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D-backs' all-time single-season team

@SteveGilbertMLB
January 4, 2021

PHOENIX -- You’ve seen the Top 5 rankings for the D-backs at each position, but what were the best seasons by a player at each position? Some will be obvious, but others may surprise you. Here’s a look at the best seasons, by position in D-backs history: Catcher: 2012 Miguel

PHOENIX -- You’ve seen the Top 5 rankings for the D-backs at each position, but what were the best seasons by a player at each position?

Some will be obvious, but others may surprise you.

Here’s a look at the best seasons, by position in D-backs history:

Catcher: 2012 Miguel Montero (4.5 bWAR)
Montero was an All-Star in 2011, but he had an even better year in 2012 when he slashed .286/.391/.438 while appearing in 141 games. It was an amazing stretch in which he hit 33 homers, drove in 174 runs and had an .825 OPS.

First base: 2015 Paul Goldschmidt (8.3 bWAR)
During his seven-plus years with the D-backs, Goldschmidt finished second in the NL MVP race twice and third once. He collected four Silver Slugger Awards and three Gold Gloves while appearing in six All-Star Games. In other words, there were lots of great seasons to choose from here, but I went with 2015 when he hit 33 homers, drove in 110 runs and slashed .321/.435/.570. He finished second in the MVP voting to Bryce Harper.

Second base: 1999 Jay Bell (4.9 bWAR)
Ketel Marte’s 2019 season was better than Bell’s 1999, but I went with Bell because Marte split time between second and center that year. Bell helped lead the D-backs to a 100-win season in the franchise’s second year of existence as he hit 38 homers and drove in 112 RBIs. That earned him the start at second base for the NL in the All-Star Game that year held at Fenway Park.

Shortstop: 2008 Stephen Drew (3.0 bWAR)
This was not Drew’s best season by bWAR -- that was 2010 -- and because of his amazing defense, Nick Ahmed’s 2018 also had a higher bWAR, but Drew was a force at the plate the 2008 and played good enough defense at short. Drew had 44 doubles, 21 homers and 67 RBIs while slashing .291/.333/.502.

Third base: 1999 Matt Williams (4.1 bWAR)
This was the last truly dominant season in Williams’ illustrious career, and it was a thing to watch. At 33 years old, Williams hit 35 home runs and drove in 142 runs while hitting .303 and getting on base at a .344 clip. He was the starting NL third baseman at the All-Star Game and he finished third in NL MVP voting behind Chipper Jones and Jeff Bagwell.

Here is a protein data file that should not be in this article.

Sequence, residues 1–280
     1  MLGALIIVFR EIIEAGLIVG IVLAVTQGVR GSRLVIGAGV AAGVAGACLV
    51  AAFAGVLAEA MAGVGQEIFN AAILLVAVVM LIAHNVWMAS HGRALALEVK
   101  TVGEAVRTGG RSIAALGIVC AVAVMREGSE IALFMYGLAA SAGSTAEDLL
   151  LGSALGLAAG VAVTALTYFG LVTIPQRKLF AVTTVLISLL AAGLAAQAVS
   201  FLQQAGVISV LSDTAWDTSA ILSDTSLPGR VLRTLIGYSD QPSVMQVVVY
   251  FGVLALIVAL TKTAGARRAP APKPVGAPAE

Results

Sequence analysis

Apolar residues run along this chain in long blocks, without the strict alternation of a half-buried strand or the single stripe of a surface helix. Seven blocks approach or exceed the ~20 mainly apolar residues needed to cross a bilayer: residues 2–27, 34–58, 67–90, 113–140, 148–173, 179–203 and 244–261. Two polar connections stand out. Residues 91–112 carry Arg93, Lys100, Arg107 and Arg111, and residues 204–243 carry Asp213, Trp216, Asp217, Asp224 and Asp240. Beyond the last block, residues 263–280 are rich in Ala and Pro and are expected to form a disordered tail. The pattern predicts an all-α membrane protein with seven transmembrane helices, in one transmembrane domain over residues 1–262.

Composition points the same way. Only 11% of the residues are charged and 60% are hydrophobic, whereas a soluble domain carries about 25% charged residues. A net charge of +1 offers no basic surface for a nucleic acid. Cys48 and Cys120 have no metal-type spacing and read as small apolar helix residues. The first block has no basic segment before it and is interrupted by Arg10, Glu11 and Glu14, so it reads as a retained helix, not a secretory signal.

Left field: 2001 Luis Gonzalez (7.9 bWAR)
Gonzalez put together a remarkable eight-year stretch after joining the D-backs in 1999, and his finest season was in 2001 when he led the team to a thrilling seven-game World Series win over the Yankees. Gonzalez hit 57 home runs and drove in 142 runs while playing in all 162 games. His slash line of .325/.429/.688 earned him a Silver Slugger Award and he also was a starter in the All-Star Game and won the Home Run Derby there. He finished third in NL MVP voting behind Barry Bonds and Sammy Sosa.

Center field: 2015 AJ Pollock (5.8 bWAR)
Pollock did it all in 2015 for the D-backs, collecting 39 doubles, six triples, 20 homers and 76 RBIs while also stealing 39 bases. Pollock had a slash line of .315/.367/.498 and he was excellent on the bases as well compiling a Majors-best 1.1 Baserunning WAR (per STATS LLC).

Right field: 2011 Justin Upton (5.1 bWAR)
The No. 1 overall pick in the 2005 MLB Draft, Upton’s big breakout came in 2011 when he played in 158 games and led the D-backs to a division title. Upton hit 31 homers that year, slashed .289/.369/.529 while compiling an OPS+ of 141. He also won a Silver Slugger Award, was selected to the All-Star game and finished fourth in the MVP voting.

Starting pitcher: 2002 Randy Johnson (10.7 bWAR)
It’s hard to pick the best year of Johnson’s career, but 2002 gets the nod. Johnson captured pitching’s Triple Crown that year leading the NL in wins (24), ERA (2.32) and strikeouts (334). He also led the league in complete games (eight), innings (260) and ERA+ (195). That he found a way to top 2001, in which he had won his third straight Cy Young Award and the co-MVP of the World Series, makes 2002 all the more impressive.

Relief pitcher: 2002 Byung-Hyun Kim (4.0 bWAR)
Kim pitched well in 2001, but he took things to another level in 2002. The 23-year-old put his 2001 World Series struggles behind him and began the 2002 season as the team’s closer. Kim would go on to have the best year a D-backs reliever has ever had compiling a 2.04 ERA, 36 saves and an ERA+ of 223. He was a workhorse, appearing in 72 games and throwing 84 innings.

Steve Gilbert has covered the D-backs for MLB.com since 2001. Follow him on Twitter @SteveGilbertMLB.